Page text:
The two also are strongly involved in the community, serving as co-owners of CR Chambers Studios and doing much video, photography and production work in the area. They have become familiar faces at functions hosted by the Woodland Park Chamber of Commerce.
Recounting time in Iraq and Afghanistan
The two say their new Wounded Warrior House project represents their way of helping out. During their respective stints in Iraq and Afghanistan and other hotspot areas, the veterans had their share of horrific stories and close-calls, witnessing deadly shootings and bombings on a daily basis. “You see it, (many battle scenes on television and through media outlets) because we shot it,” said Valentine. They also recount many pleas for assistance.
Valentine got confronted by many Iraqi women, who wanted her to smuggle makeup and other supplies for them to hide the wounds they experienced from getting beaten by their spouses. And during one raid, she accidently stepped on a bomb. Meanwhile, Creel was involved in thousands of life and death combat missions and heard many pleas for assistance from Afghans. At the same time, he was mesmerized by the beauty of the country.
The two, who served in different units of the military (with Ryan serving in the Army and Vanessa in the Air Force), supported their respective missions and say they believe America’s role overseas played a positive role.
But Valentine and Creel, who refrain from outlining their political views in regards to the conflicts, admit some frustration with the poverty and suffering that many war-ravaged Iraqi and Afghanistan people underwent. “There was a sense of helplessness,” said Valentine, who recounted an Iraqi nation with many homeless people and “nomadic gypsies,” due to the strife their country experienced for decades.
With the Wounded Warrior House project, they believe they can make a big difference “We feel we can really help people,” said Valentine. Moreover, the two know what it’s like to experience the turmoil of PTSD and trying to get help. They both believe they were forced to medically retire from the military due to the fact they made inquiries about their health conditions. “There is still a stigma in the military about getting help,” said Creel. “I can personally relate to what a lot of veterans are going through.” On the upside, he believes that improvements are occurring within the Veterans Administration.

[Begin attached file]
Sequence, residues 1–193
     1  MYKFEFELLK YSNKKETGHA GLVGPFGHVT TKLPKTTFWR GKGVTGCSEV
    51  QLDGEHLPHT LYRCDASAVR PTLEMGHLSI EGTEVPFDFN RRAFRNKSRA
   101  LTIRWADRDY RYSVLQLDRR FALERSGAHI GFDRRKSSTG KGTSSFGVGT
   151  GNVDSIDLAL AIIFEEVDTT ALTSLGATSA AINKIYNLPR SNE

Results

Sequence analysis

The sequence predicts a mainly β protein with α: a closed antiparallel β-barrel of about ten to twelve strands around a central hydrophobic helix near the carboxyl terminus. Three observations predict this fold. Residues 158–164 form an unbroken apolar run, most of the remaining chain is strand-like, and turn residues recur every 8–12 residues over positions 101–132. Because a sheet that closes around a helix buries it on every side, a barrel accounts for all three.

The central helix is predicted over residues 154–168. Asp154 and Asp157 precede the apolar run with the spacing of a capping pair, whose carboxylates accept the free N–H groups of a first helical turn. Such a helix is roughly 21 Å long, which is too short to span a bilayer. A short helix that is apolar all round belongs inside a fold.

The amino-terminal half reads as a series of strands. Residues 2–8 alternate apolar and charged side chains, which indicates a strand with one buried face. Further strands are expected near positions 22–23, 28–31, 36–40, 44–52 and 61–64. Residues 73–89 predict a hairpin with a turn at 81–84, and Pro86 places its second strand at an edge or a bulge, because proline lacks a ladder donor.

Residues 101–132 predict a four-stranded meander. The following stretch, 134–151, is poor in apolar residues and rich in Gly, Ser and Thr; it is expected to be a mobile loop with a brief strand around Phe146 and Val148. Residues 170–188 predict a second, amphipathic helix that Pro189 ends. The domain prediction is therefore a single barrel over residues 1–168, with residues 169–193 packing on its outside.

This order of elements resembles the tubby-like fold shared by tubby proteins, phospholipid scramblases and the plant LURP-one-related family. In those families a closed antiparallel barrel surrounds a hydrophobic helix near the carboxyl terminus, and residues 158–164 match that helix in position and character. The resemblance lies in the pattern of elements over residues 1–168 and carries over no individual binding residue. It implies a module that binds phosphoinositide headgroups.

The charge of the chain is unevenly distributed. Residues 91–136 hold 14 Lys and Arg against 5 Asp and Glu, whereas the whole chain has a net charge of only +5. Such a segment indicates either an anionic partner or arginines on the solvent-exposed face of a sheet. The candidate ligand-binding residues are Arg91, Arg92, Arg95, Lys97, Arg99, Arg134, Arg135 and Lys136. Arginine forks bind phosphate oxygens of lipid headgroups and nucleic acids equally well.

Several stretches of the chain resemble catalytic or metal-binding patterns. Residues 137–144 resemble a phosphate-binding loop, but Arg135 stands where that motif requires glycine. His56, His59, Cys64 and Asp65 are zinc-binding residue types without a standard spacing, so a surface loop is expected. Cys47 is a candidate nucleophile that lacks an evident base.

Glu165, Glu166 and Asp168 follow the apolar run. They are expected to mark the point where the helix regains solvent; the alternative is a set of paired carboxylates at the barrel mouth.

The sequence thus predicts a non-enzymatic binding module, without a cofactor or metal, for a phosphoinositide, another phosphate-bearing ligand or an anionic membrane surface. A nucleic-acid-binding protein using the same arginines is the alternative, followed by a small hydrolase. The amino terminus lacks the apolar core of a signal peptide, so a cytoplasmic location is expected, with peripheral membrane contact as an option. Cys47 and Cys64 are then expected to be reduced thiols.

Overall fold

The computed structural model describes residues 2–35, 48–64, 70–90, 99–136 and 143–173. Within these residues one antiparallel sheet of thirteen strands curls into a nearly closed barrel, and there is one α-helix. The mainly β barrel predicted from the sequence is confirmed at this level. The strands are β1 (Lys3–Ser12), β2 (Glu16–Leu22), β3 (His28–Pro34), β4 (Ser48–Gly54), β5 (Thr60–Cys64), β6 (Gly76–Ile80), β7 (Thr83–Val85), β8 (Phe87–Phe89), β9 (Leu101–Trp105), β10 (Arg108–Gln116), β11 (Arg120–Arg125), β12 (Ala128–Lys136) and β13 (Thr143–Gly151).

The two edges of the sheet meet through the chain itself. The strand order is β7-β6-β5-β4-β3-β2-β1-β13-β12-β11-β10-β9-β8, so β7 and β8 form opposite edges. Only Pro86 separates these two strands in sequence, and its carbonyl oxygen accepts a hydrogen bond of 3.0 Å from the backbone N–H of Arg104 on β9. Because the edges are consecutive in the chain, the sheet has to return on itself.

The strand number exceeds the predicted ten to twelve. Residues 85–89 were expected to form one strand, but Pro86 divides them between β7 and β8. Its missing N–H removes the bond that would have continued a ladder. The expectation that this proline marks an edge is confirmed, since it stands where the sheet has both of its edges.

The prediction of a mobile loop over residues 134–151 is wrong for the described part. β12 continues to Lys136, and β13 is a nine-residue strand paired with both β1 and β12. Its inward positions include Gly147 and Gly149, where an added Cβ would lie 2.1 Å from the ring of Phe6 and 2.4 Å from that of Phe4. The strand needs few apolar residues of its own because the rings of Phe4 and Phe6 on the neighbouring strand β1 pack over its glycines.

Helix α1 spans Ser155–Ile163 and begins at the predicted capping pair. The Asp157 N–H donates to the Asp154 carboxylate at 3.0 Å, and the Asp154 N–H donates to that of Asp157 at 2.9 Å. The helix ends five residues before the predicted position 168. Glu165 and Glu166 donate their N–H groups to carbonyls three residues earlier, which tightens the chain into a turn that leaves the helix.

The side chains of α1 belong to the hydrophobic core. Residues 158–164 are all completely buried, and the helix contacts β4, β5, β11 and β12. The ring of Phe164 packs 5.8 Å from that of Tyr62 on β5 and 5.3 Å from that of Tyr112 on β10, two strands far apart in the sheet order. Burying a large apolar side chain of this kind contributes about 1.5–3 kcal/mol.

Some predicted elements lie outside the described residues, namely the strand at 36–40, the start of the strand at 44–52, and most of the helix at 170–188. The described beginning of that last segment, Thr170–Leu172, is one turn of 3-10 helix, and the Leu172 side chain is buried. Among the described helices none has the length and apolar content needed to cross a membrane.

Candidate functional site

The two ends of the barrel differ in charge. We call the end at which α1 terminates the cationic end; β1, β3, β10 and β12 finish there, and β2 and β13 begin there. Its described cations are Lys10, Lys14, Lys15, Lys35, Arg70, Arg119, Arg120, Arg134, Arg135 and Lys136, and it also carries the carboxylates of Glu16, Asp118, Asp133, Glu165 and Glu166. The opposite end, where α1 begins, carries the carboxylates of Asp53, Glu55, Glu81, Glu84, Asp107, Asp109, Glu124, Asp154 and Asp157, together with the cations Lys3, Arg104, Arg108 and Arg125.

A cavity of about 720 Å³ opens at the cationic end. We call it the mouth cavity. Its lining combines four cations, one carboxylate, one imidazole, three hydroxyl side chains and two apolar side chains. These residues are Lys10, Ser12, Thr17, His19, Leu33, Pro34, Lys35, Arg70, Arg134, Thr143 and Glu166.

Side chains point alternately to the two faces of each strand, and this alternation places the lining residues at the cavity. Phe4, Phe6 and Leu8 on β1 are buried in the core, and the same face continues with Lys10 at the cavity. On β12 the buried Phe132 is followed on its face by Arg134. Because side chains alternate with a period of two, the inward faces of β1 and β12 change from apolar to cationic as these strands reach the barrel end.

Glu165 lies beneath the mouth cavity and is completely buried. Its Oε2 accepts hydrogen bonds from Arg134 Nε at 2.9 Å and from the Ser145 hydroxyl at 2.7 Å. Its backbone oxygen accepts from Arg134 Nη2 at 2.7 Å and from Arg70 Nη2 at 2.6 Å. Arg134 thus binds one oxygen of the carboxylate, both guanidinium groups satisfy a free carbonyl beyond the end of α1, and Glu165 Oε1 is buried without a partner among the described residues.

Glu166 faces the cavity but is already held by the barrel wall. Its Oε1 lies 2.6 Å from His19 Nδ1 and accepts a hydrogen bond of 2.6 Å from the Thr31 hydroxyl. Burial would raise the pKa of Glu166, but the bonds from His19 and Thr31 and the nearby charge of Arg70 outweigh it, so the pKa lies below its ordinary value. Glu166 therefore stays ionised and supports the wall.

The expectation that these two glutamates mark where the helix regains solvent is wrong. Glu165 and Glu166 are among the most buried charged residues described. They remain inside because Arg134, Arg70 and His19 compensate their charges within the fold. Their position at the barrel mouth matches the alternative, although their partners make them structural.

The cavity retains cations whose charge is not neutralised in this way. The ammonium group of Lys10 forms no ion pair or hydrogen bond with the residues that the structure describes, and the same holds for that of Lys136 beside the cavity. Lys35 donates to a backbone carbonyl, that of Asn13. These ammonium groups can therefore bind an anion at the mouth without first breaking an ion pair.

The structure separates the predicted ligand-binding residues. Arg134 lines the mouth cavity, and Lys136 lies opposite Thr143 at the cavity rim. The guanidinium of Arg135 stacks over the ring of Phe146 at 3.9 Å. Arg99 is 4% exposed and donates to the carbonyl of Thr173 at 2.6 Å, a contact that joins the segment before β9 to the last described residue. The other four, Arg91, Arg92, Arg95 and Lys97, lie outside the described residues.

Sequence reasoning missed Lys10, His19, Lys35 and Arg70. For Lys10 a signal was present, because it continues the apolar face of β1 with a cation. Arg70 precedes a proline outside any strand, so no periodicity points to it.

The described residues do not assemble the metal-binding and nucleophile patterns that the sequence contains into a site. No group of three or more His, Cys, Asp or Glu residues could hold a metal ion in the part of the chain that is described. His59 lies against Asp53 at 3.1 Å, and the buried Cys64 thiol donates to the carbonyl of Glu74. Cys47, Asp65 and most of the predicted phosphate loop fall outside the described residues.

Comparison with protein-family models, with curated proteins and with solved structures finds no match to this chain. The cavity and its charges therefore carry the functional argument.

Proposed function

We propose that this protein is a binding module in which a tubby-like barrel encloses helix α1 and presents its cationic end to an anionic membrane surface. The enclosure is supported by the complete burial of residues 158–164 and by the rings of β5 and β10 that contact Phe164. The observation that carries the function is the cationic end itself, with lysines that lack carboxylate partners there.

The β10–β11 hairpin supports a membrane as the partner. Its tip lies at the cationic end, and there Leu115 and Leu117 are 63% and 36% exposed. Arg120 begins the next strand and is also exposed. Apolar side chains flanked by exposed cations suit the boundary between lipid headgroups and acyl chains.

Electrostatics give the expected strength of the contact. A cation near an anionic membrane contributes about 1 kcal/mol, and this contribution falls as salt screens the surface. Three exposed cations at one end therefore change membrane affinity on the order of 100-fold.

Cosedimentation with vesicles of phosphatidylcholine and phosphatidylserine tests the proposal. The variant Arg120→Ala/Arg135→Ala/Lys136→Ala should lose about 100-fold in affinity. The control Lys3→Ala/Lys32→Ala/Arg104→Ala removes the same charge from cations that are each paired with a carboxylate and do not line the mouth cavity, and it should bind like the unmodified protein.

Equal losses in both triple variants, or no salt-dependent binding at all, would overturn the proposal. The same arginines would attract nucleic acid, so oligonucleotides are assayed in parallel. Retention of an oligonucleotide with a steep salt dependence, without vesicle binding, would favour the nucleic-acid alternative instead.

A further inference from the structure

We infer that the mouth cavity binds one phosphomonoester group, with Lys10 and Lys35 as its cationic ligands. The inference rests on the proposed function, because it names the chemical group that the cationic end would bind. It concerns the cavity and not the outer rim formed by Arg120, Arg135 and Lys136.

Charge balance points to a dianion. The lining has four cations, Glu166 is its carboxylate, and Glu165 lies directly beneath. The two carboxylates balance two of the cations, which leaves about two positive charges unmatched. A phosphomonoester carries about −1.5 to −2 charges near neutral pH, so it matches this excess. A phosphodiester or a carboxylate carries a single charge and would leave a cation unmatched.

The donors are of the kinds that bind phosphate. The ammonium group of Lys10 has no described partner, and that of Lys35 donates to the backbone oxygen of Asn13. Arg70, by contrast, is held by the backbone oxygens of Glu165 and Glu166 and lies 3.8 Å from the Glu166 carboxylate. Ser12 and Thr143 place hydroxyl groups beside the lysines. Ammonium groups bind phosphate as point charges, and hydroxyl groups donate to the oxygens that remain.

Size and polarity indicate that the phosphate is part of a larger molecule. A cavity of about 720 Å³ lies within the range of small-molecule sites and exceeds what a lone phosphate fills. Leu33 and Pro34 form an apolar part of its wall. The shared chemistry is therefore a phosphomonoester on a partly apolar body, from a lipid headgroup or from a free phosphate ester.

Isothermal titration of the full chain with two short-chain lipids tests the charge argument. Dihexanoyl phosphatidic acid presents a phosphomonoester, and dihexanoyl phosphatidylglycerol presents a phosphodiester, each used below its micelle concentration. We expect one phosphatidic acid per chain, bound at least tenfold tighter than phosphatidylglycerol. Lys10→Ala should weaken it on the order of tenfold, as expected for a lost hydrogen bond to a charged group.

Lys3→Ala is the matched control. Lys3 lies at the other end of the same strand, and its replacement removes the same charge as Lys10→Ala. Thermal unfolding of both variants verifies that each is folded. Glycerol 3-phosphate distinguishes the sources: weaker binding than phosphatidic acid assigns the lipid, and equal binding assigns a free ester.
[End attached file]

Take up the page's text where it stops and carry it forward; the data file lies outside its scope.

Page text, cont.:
Besides the PTSD issue, a frequent subject in the media these days, they are familiar with many of the problems fellow soldiers encounter on the civilian front in obtaining employment, overcoming homelessness, dealing with suicidal thoughts and overcoming bouts of domestic turmoil. “It’s hard not to be affected by PTSD,” said Valentine. “You go through a lot of ‘what ifs.’” They hope to lend a helping hand to injured and disabled veterans in all facets of their lives.
But more than anything, the main purpose of the Wounded Warrior House in Woodland Park is to help fellow veterans have a good time during their adjustment back to normalcy. “These physical activities in the outdoors really help. They love their time out here,” said Creel.
During one recent outing, the veteran couple hosted more than 20 soldiers. They cited a sense of comradery that can’t be experienced elsewhere for wounded veterans. Besides their role with the Wounded Warrior House project, the two are also strongly involved with the Team Rubicon group, which does disaster mitigation for many communities in Colorado, including the Ute Pass. Both Valentine and Creel met during a Team Rubicon function and got married during a Home Depot event, sponsored by the Team Rubicon organization.
“We love helping people. It is a lifestyle for us,” said Valentine.